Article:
USM professor studies the Zika virus
Hattiesburg, Miss. - The Zika virus has made its way to America and surrounding areas of the Southeast.
And one Southern Miss professor is conducting research about the insect that carries the virus.
USM professor, Dr. Donald Yee said, "That mosquito is Aedes aegypti, the yellow fever mosquito. Over the last 30 years, this animal went extinct from the Southeastern United States. But is thought to be rebounding in a few places in the Southeast, along the Gulf Coast."
But there's more than one mosquito that's capable of spreading the Zika virus and other diseases.
Yee said "one that we have quite commonly here in the Hattiesburg area and in Mississippi is the Asian tiger mosquito."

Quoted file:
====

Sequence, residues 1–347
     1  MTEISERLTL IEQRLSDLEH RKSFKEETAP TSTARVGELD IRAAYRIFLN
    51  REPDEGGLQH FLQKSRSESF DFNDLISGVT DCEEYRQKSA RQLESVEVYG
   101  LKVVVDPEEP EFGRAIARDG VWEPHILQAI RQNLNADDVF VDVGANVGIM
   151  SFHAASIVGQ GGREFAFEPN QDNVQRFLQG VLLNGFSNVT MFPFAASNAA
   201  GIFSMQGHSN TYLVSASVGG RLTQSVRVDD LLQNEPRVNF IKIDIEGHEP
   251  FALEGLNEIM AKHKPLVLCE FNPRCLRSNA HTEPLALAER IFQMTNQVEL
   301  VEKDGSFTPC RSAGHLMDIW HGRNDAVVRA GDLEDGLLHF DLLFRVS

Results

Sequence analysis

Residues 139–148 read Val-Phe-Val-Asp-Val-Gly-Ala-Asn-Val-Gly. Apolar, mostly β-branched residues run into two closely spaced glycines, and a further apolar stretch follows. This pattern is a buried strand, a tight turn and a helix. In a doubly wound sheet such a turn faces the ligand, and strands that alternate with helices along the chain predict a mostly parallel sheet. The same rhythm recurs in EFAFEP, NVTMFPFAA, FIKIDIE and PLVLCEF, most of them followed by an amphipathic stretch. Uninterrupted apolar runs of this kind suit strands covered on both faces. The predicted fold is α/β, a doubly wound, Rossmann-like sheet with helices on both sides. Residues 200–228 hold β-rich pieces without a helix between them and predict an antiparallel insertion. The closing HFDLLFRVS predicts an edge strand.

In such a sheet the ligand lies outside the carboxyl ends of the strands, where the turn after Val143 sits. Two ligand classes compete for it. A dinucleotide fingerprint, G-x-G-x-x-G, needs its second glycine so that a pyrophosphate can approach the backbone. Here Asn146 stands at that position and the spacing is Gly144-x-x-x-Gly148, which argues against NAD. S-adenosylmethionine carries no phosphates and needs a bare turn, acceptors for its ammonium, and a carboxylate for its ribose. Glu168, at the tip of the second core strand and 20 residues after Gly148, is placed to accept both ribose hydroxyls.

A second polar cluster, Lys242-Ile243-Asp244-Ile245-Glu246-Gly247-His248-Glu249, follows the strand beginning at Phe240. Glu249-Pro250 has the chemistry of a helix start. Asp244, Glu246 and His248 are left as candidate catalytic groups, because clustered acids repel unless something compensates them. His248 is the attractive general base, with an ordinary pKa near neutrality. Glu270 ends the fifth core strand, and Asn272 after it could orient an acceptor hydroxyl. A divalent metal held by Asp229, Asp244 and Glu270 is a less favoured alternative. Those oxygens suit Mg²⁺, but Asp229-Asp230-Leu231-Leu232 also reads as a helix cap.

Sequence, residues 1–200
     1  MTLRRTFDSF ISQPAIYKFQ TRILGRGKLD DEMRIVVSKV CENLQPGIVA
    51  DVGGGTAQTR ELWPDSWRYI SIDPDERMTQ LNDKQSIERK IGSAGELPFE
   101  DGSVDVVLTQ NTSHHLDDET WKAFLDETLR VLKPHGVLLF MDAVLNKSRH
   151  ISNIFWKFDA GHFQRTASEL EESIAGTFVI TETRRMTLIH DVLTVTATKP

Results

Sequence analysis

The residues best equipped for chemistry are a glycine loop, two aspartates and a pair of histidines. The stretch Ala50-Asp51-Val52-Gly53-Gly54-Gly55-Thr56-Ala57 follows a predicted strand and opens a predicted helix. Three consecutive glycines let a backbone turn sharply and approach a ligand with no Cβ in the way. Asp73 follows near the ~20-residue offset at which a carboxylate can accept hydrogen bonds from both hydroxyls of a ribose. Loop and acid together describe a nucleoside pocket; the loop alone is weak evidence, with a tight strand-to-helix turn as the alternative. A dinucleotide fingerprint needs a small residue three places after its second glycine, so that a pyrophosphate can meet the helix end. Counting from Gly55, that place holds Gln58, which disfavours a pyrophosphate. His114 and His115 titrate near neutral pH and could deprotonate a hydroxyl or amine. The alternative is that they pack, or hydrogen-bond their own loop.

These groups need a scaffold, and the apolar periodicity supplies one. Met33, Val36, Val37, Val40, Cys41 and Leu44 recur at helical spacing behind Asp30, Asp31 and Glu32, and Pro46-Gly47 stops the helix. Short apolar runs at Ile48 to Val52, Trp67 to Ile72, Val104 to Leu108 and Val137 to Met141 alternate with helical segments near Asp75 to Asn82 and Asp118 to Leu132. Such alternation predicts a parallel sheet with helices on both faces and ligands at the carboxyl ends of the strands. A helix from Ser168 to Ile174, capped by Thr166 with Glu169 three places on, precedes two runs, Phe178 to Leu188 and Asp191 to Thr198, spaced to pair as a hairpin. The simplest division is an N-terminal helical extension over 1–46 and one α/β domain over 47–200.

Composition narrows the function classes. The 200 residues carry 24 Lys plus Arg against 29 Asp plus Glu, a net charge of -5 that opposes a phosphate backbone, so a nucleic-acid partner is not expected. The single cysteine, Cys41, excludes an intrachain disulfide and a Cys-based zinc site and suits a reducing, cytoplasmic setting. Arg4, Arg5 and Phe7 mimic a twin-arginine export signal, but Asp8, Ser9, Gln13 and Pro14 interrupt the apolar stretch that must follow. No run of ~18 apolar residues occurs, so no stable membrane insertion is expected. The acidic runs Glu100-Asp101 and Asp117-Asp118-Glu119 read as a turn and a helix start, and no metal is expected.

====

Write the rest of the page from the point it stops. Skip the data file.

The Asian tiger mosquito is black and has white stripes on its body. But there is a major difference between this mosquito and the Aedes aegypti.
Yee said "the Asian tiger mosquito tends to be less associated with people and Aedes aegypti will literally hang out in your home if you let it. And that's why it's so important as a vector for things like Zika is because it's often affiliated more closely with human beings."
Yee said that people should wear a repellent and wear long pants and long sleeves to try to avoid being bit by a mosquito.
Yee said that both the Asian tiger and the yellow fever mosquito normally are daytime biters.
Yee said, "to help eliminate the mosquito, you can reduce standing water, so kiddy pools in the backyard that aren't being used anymore, bird baths, you know empty them out once a week. The other one people don't really realize too is if you have gutters in your house that are stocked up, that will hold water and they will breed in those locations."
Yee said he and the State Health Department will be studying the ecology of the yellow fever mosquito and will officially will begin research in May.
The plan is to finish all of the research by August.